if, indeed, they are then unsold, they remain a fund, but if aliened, no remedy remains except a personal one against the seller.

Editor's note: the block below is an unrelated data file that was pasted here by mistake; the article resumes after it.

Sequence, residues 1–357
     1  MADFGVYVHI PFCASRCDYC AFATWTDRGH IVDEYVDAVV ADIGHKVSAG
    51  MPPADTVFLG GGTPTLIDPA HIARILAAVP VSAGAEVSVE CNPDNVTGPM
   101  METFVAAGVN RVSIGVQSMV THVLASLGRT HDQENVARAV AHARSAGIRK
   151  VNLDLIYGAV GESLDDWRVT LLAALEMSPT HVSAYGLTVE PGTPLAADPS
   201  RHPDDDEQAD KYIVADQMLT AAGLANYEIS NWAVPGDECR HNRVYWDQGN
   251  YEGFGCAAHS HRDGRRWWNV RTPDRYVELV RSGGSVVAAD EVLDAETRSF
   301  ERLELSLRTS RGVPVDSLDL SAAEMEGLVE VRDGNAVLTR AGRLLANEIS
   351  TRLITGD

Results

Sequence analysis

The real and personal estates are both funds for the payment of debts. The personal estate, there is no doubt, is immediately bound on the death of the debtor; it goes into the hands of the executor, or administrator, and is assets in his hands for the payment of debts; specific personal property, being in its nature perishable, may be sold for that purpose, and the executor, or administrator, is personally bound to answer for the value. In the case of the administrator, he must give security before the administration is committed to him: In the case of an executor, being intrusted by the testator, he gives no security in the first instance; but, in case of probable insolvency, he may be compelled likewise to give security. In both cases, the whole personal estate, or its value, is bound, from the moment of the debtor's death, to the payment of his debts. The real estate is likewise confessedly a fund for the payment of debts. It is a fund, however, that does not actually go into the hands of the executor, or administrator, as assets in the ordinary course; but it is a fund, made such by positive law, in another form; that is, creditors may issue executions, and sell it for the payment of their debts, on a judgment against the executor, or administrator; for, it is not necessary, nor has it been usual, to bring the action against the heir. The lands, however, go into the hands of the heir or devisee, who gives no security, and between whom and the creditors there is no privity: They are made a fund for the payment of all debts, and must necessarily have been intended by the Legislature to be a certain, and not a precarious fund; for, since it is declared, that the creditors may take them in execution on a judgment against the executor, or administrator, it must be meant that they should have the fruit of that execution; and as there is the same reason under the law, that they should be equally liable with the personal estate from the death of the debtor, they must necessarily be liable in such a manner as to be answerable at all events, which can no otherwise be, than by considering them as specifically liable in whosever hands they may be. If it were otherwise, they would prove no fund at all; for the devisee, or heir, knowing that if judgments were obtained, he should lose his land, would, in every instance, where he apprehended debts beyond the amount of the personal estate, immediately sell them, and thereby entirely defeat the intent of the Legislature, in making them a fund for the payment of debts.